When Pennsylvania Sen. Arlen Specter left the Republican Party one year ago last week, he was rather blunt about his motivations. He was losing in the polls, he explained, and he did not want to be judged by Republican primary voters alone. He figured he’d have a better chance running for re-election this year as a Democrat.
Florida Gov. Charlie Crist, acting from identical motives, felt no need to be so candid about them: “My decision to run for the United States Senate as a candidate without party affiliation in many ways says more about our nation and our state than it does about me.”
So he made his state and our nation whole again by announcing that he will run as an independent candidate. He begins with a slight lead in a three-way race between himself, Republican Marco Rubio and Democratic Rep. Kendrick Meek.
In switching parties, Crist aspires to two traditions, one long and one short. The long tradition reaches back more than 2,400 years to Alcibiades, the flamboyant and talented general who switched sides between Athens, Sparta, Persia and Athens during the Peloponnesian War.
By making too many enemies in Athens, then impregnating the king’s wife in Sparta, Alcibiades ensured that he would never have a stable home. He was finally assassinated, but only after achieving great fame for himself and a place in Plato’s dialogues.
Crist probably won’t achieve those things. He’s more likely to go down in history as part of a shorter tradition, that of the Republican sore loser.
Unlike Alcibiades, this character doesn’t have the excuse of being purged from or forced into anything. The GOP sore loser, almost always a moderate, either suffers defeat or senses its inevitability. He responds by switching sides and lashing out at the very people who got him elected in the first place.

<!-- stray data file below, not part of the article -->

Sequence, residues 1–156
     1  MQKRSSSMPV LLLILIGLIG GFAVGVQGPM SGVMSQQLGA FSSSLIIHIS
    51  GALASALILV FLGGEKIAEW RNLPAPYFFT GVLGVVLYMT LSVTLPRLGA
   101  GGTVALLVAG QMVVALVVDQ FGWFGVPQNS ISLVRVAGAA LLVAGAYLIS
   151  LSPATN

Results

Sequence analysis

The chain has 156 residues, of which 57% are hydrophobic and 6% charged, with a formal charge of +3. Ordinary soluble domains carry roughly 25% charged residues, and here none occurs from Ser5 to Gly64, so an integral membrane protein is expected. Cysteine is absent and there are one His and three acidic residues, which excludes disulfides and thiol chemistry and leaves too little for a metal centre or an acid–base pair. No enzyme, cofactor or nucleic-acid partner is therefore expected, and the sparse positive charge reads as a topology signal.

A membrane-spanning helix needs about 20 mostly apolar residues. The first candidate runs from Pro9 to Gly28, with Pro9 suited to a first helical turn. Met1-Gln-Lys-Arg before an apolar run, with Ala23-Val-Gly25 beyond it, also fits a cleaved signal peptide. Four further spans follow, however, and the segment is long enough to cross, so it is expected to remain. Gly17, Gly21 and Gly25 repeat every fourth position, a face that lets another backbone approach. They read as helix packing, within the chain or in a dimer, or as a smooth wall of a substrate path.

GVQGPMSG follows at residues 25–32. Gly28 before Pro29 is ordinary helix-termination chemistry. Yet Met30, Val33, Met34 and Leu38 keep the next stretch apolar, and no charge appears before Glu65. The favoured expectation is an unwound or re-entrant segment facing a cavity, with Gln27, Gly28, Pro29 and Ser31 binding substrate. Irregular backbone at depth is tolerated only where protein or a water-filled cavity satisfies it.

Former Rep. Wayne Gilchrest of Maryland represented the Eastern Shore until he lost his 2008 primary to a conservative. Gilchrest responded like the good sport he is: He endorsed the Democrat in the November election, who went on to win the seat by one point.
Former Rep. Joe Schwarz of Michigan, a moderate, won a six-way primary over a divided conservative field in 2004.
When he lost his primary to a conservative in 2006, he was steamed — so steamed, in fact, that he took revenge on the victor in 2008 by endorsing his Democratic opponent, who won by three points.
As for Specter, he did not have to be defeated to make his party switch. He saw defeat coming in opinion polls for the Republican primary.
Within days of leaving the Republican Party, he was already voting and behaving like a partisan Democrat. Anything to save his own political skin — except we still don’t know whether he’s actually saved it.
Specter will face Democratic voters May 18 in what has become an increasingly close contest for the Democratic nomination. As a general-election candidate, he’s now a double-digit underdog. Schwarz and Gilchrest are out of politics, but the Democrats they endorsed in 2008 are both now trailing in the polls.
Of all four, Crist has the greatest chance of success. Can he pull it off and become a modern-day Alcibiades? Perhaps. The first Rasmussen poll after his party switch shows him ahead by four points.
But unless he can hold that margin through November, the voters may well tell him: “No, this is not about our nation, our state or us. It’s about you.”
Columnist David Freddoso is The Washington Examiner’s online opinion editor.